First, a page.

COLLECTING DAMAGES: You always have to prove that you were damaged monetarily (see the “case within a case” blog post). But a lawyer’s mistake can cost far more than money. Whatever the situation or legal issue involved, could also have a impact on you personally or emotionally. Is it possible to collect punitive damages in a legal malpractice case? What about interest?
LIES, DECEPTIONS, AND EVEN “EXTORTION” BY LAWYERS: It is one thing if an attorney is negligent makes a mistake and damages you as a result of incompetence or neglect. If you can prove your case, you should be able to recover your damages. However, what options do you have if an attorney engages in fraudulent or deceptive conduct? One state where I practice makes it a crime for lawyers to deceive during the litigation process, punishable with up to a year in prison, and allows a plaintiff to collect treble damages. Another state where I practice makes it virtually impossible to collect anything for an attorney’s lies told in a court.
Unfortunately, most states allow lawyers who claim they are owed fees to use a simple procedure against former clients to force the clients to pay. One renowned legal commentator characterized this procedure as a form of “extortion.” What is it? And what can you do in response?
COLLECTING ATTORNEY FEES: in litigation, there is something known as the “American Rule.” Basically that means each party bears its own expenses for litigation whether or not they win or lose. There are exceptions to that, but that is the general rule. However, some but not all states have found that legal malpractice cases are one such exception where the plaintiff not only should be able to recover the damages caused by the attorney, but also recover any legal fees or contingency fees paid to pursue the legal malpractice action.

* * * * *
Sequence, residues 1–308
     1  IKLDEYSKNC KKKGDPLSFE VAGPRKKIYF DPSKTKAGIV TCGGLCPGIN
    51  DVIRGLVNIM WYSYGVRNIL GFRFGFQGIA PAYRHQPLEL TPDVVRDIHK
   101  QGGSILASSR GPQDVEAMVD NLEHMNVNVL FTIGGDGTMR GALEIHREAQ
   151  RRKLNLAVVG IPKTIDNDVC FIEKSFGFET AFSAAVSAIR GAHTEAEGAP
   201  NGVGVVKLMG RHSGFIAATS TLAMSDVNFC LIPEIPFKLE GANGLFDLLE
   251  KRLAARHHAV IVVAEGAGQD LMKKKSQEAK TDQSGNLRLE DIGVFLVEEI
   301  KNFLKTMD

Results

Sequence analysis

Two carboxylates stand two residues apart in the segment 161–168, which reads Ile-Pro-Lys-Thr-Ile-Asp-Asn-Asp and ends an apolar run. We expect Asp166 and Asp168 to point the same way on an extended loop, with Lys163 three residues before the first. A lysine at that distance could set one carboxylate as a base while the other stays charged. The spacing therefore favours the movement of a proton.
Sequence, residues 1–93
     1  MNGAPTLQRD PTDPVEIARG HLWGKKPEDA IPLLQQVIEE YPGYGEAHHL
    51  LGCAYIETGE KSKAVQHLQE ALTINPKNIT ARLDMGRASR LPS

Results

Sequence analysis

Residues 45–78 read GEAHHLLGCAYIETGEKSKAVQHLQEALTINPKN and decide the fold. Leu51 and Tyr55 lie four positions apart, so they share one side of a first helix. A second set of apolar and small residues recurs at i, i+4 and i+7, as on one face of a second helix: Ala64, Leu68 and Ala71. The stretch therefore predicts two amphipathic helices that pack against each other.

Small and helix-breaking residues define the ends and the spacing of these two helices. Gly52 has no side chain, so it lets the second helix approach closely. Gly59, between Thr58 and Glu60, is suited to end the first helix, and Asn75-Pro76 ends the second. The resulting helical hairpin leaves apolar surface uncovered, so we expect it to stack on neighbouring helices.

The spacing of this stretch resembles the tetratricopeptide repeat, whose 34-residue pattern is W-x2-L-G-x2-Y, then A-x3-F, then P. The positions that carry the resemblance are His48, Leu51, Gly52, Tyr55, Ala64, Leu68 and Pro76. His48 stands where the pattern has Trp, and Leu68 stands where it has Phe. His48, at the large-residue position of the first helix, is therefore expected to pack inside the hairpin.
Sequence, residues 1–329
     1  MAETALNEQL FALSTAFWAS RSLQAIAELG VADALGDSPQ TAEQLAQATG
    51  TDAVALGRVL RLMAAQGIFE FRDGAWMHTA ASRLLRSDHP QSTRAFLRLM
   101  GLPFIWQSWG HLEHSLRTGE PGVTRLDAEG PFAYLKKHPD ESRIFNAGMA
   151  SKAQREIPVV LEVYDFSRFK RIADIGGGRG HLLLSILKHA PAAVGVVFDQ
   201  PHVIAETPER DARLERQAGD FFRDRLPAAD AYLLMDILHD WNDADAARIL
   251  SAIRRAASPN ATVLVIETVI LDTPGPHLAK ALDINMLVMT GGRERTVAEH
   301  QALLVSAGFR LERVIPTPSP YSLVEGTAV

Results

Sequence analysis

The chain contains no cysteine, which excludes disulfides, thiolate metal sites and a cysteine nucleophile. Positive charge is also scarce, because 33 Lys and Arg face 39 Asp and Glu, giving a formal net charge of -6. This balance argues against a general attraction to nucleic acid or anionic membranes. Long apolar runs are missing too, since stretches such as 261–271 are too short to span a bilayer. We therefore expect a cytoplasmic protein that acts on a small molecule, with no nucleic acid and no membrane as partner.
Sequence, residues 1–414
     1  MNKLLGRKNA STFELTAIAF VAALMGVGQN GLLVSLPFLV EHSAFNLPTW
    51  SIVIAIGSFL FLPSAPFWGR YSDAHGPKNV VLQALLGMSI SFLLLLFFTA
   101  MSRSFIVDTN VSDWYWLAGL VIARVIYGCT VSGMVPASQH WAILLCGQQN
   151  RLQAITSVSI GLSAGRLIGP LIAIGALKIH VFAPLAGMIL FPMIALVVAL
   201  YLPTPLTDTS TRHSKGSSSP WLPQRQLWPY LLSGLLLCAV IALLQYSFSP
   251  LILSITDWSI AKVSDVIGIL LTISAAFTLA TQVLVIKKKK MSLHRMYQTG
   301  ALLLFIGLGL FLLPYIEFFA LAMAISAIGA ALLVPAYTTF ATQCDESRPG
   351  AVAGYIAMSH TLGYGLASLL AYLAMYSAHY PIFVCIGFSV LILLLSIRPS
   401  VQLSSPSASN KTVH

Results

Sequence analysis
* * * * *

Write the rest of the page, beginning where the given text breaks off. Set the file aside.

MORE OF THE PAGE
I will be adding more posts on a regular basis, so check back regularly. If there is a particular issue that I have not addressed that you are interested in, please send me an email and I will consider writing about it in a future post.
I welcome your comments or questions and you can either use the comment form for a particular post, or send me an email via the contact page here.
OTHER ISSUES: Can I sue someone else’s attorney for legal malpractice? In relatively rare instances, you may be able to do that. Is it unethical for an attorney to remain silent when another attorney is misrepresenting facts to a court? This court thought so.
TIPS ON USING GOOGLE TO SEARCH ANY SPECIFIC WEBSITE:
An easy way to find specific information on any particular website including this one is using the following command in the Google search bar:
site:legal-malpractice.com SEARCH TERM
Substitute what you are looking for instead of “Search Term”.
For example if you’re looking for any articles I have related to Judiciary Law §487 You could go to Google and search as follows:
You can use this same command to search any website, for example use site:nytimes.com “Legal malpractice”, to find any articles from the New York Times that mention legal malpractice.
(Disclaimer: Please note that nothing in this blog or website is legal advice, and this post does not create an attorney-client relationship. You should always consult with an attorney for any legal malpractice issues, fee dispute, or ethical concerns that you may have. Thanks!)
Copyright (c) 2012-2016 by Howard Altschuler. All Rights Reserved.